How One Inflammatory Disorder Exacerbates Another; Researchers Show That Innate Immune Memory Can Cause One Type Of Inflammatory Condition to Increase Susceptibility to Another; IL-1 Receptor and Bone Marrow Prove Key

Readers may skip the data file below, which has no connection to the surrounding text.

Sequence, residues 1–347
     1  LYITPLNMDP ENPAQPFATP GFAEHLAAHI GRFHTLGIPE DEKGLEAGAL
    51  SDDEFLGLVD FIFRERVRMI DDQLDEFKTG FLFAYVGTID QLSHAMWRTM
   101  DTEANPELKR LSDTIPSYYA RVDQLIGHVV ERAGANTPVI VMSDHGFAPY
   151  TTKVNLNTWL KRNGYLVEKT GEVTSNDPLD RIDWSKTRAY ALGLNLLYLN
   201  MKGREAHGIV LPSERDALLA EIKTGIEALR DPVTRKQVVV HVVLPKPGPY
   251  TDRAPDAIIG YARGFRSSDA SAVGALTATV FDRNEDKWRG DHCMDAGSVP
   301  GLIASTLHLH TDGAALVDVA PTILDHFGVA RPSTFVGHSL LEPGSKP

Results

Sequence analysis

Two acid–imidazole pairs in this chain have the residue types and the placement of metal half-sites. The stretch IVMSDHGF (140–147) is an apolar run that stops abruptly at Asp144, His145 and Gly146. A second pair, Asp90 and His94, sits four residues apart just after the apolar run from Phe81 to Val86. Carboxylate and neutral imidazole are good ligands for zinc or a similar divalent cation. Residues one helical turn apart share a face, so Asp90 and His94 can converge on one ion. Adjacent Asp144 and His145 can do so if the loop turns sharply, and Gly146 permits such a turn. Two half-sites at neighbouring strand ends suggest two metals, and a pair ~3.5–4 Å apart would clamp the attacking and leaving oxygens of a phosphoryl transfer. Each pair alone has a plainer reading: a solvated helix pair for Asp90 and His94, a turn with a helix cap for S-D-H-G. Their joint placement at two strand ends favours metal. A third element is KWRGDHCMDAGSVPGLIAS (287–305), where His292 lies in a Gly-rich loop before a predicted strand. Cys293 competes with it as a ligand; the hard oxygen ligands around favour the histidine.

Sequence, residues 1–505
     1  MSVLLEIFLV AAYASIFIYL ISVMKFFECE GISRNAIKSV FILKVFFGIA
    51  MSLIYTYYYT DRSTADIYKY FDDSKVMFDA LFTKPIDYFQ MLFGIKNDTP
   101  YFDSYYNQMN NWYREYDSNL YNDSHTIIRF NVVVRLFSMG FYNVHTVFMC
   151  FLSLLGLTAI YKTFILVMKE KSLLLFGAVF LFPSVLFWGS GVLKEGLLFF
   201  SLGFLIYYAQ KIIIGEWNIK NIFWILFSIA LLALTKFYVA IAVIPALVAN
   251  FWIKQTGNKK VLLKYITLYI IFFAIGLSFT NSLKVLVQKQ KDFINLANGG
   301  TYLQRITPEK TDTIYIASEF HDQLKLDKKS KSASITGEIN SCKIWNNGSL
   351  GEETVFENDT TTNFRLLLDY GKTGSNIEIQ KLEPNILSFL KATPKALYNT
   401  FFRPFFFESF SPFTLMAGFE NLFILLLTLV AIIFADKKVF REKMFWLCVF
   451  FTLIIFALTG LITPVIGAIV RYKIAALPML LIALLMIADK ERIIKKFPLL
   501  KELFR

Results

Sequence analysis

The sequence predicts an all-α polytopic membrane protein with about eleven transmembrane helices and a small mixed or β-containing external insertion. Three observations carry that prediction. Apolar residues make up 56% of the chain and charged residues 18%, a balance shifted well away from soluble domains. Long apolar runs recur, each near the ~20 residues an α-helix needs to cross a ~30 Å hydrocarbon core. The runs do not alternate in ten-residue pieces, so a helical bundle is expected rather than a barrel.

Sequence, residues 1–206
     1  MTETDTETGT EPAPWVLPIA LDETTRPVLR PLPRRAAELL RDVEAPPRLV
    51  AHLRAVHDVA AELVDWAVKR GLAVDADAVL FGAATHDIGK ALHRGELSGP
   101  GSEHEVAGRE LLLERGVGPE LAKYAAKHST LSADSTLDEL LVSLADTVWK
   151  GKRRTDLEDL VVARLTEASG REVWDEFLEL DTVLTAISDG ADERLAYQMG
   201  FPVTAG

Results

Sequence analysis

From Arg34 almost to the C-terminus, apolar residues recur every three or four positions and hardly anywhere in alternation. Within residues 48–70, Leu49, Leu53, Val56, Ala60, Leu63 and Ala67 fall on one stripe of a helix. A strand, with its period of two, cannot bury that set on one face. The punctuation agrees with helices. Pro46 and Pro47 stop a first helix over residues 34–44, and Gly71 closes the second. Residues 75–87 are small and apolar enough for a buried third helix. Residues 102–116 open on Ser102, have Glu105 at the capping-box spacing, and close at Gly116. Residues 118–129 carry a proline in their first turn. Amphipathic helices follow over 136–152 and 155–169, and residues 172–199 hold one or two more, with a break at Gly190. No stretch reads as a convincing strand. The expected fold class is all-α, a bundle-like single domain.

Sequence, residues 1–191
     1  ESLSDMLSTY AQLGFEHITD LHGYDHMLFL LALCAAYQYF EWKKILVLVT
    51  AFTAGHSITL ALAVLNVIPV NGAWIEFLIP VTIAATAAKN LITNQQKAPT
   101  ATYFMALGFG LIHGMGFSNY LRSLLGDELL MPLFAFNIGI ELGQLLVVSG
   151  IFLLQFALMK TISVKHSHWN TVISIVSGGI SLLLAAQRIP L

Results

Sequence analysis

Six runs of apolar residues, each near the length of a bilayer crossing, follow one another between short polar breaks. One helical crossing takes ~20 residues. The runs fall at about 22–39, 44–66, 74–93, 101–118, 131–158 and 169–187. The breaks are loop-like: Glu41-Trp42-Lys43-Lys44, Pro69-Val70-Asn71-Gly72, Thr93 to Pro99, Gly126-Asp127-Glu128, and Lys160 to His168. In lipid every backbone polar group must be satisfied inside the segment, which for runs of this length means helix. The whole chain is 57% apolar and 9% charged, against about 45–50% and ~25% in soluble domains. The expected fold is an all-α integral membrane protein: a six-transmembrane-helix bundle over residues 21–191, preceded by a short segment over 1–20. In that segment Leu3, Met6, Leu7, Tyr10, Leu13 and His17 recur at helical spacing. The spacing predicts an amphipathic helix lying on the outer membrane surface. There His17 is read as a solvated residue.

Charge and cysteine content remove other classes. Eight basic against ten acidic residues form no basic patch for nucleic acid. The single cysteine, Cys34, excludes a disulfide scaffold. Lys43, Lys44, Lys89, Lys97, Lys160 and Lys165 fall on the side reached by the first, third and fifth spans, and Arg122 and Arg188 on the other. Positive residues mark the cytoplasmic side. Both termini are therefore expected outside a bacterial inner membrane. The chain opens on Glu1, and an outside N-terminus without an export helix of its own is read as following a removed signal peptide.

Researchers from the University of Pennsylvania (Penn) and colleagues from Dresden, Germany demonstrate that an association between conditions such as severe gum disease and arthritis is traceable to the bone marrow. The immune system remembers. Often this memory, primed by past encounters with threats like bacteria or viruses, is an asset. But when that memory is sparked by internal drivers, like chronic inflammation, it can prove detrimental, perpetuating a misguided immune response. In a new paper published on April 27, 2022 in Cell, researchers from the Penn School of Dental Medicine, together with an international team including colleagues at the Technical University of Dresden, lay out the mechanism by which innate immune memory can cause one type of inflammatory condition—in this example, gum disease—to increase susceptibility to another—here, arthritis—through alterations to immune cell precursors in the bone marrow. In a mouse model, the team demonstrated that recipients of a bone marrow transplant were predisposed to more severe arthritis if their donor had inflammatory gum disease. The Cell paper is titled “Maladaptive Innate Immune Training of Myelopoiesis Links Inflammatory Comorbidities.”
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